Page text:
Hunting down Raikov and taking him out was frustratingly awesome.
Interestingly enough, the story found in MGS3 also reflects this concept of freedom. Snake, goes through the game as a pawn, merely completing each objective just to move on to the next one. Yes, I chose my path throughout the game, but ultimately I was being used by someone else to fulfill his or her own desires. The story really struck a chord with me, for obvious reasons, and is my favorite Metal Gear story arc to this day. I watched as Snake grappled with what the truth really was, and how he would manage to discover it. What would he give up in order to have access to the truth, and was he ever actually “free?” It was a fitting storyline for the series, especially for me on that Tuesday in November.
I soaked in my “day of freedom,” being a bum and playing MGS3 all day. Did I play with enemies by shooting at a tree close-by with a silencer? Yes. How about stabbing a crocodile to death and eating it later on to replenish stamina? You betcha. Did I totally bypass The End by killing him in his wheelchair, just because I was testing to see if I would get a game over? Of course I did! The game reflected my choices at a very pivotal time in my life.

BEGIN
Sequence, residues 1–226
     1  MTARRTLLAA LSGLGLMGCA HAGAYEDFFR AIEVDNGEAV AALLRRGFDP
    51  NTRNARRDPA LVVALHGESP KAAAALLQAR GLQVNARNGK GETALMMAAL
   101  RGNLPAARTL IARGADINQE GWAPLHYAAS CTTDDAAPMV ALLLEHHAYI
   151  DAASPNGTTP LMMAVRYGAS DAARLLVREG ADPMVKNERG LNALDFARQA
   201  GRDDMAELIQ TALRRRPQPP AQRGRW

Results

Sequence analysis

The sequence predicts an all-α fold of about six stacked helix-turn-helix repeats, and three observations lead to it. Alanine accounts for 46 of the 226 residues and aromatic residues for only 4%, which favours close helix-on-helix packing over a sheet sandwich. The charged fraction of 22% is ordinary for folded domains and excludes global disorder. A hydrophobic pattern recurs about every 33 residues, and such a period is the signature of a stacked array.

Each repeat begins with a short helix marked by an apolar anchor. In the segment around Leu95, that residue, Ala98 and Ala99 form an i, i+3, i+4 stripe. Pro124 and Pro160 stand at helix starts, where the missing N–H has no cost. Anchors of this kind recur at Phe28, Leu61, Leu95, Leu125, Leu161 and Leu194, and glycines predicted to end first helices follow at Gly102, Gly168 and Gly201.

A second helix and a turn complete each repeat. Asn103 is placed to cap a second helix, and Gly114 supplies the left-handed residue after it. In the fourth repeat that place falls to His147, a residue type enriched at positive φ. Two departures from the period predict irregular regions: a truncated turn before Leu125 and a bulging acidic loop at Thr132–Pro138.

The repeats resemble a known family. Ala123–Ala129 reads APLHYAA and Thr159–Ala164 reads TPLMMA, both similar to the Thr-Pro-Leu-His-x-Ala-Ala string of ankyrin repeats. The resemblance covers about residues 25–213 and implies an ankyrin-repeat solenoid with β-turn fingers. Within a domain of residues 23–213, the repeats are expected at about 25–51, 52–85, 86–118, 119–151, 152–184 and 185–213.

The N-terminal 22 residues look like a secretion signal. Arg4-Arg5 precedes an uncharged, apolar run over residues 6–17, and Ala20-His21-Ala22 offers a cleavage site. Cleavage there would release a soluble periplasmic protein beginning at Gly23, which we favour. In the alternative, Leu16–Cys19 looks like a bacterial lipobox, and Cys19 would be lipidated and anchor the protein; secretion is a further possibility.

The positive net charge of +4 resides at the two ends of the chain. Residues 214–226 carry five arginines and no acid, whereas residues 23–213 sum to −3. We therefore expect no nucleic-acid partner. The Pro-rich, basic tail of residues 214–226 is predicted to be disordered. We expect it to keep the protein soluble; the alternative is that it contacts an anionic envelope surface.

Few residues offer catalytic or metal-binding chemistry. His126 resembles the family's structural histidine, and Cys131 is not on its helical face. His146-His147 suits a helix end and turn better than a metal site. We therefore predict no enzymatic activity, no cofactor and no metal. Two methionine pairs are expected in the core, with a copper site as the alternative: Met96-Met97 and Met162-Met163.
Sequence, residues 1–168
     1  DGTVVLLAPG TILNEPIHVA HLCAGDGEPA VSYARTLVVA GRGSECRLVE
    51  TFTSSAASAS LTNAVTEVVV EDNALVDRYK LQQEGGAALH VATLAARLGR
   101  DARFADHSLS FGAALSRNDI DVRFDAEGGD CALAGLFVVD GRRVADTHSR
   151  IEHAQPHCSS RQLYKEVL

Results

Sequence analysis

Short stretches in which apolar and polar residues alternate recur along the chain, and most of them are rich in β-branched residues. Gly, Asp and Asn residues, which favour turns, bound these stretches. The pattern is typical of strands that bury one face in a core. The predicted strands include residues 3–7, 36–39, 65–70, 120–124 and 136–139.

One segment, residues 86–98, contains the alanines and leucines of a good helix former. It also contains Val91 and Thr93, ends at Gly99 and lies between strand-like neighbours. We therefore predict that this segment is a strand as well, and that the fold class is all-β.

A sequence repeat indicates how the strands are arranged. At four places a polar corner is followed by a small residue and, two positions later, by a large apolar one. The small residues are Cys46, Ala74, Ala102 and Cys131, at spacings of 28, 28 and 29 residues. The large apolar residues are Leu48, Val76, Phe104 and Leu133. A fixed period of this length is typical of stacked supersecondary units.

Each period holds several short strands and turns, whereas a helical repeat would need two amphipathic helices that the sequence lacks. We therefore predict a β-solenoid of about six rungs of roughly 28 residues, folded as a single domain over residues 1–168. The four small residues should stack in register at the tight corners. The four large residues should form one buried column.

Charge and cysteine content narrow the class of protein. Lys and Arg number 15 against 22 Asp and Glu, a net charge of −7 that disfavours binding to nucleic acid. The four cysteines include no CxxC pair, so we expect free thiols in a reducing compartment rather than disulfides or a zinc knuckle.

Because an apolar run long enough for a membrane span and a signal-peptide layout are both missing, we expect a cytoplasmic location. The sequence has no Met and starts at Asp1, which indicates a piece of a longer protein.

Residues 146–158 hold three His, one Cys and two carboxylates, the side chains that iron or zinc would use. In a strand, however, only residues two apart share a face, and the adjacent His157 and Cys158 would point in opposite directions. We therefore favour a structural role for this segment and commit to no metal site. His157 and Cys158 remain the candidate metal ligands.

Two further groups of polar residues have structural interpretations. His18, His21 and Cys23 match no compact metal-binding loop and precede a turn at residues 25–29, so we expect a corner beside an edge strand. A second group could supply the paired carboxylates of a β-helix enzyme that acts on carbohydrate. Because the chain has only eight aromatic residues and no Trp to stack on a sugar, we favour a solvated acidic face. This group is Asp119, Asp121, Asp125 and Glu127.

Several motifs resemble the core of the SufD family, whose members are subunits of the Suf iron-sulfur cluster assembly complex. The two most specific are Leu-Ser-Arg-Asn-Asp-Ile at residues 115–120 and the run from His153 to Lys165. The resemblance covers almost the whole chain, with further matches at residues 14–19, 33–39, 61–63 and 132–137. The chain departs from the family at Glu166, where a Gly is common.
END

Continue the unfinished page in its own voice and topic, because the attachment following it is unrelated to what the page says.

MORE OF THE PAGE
I was a young man, 19 years old, and I was truly beginning to taste freedom. If I wanted something, I didn’t have to ask anyone’s permission. If I decided to stay out with friends until 2 AM, I didn’t have to call and check in with anybody. In this case, if I wanted to skip a day of school to enjoy some gaming, I simply did it. Don’t get me wrong: I understand how small this little victory truly was in the grand scheme of things, but it was my first realization of the freedom of choice I had.
I don’t think I would’ve enjoyed Metal Gear Solid 3 as much as I did if I hadn’t skipped school to play it. I don’t say this because the game isn’t as good as many claim it is; I am one of those that hold the game in high esteem. I say this because the gameplay was a reflection of a valuable truth that I learned about my life. The choices I make are mine, and they come with consequences, whether they be good or bad. I make the choices, and I live with them. What made that Tuesday in November such an abnormal day for me had nothing to do with coincidence, but rather, a choice made in the newly found freedom of a young man. That memory will forever be shared with Snake – or perhaps I should say, Big Boss – and his journey through Soviet Russia in the 1960s.
Big Boss, standing tall while contemplating his freedom.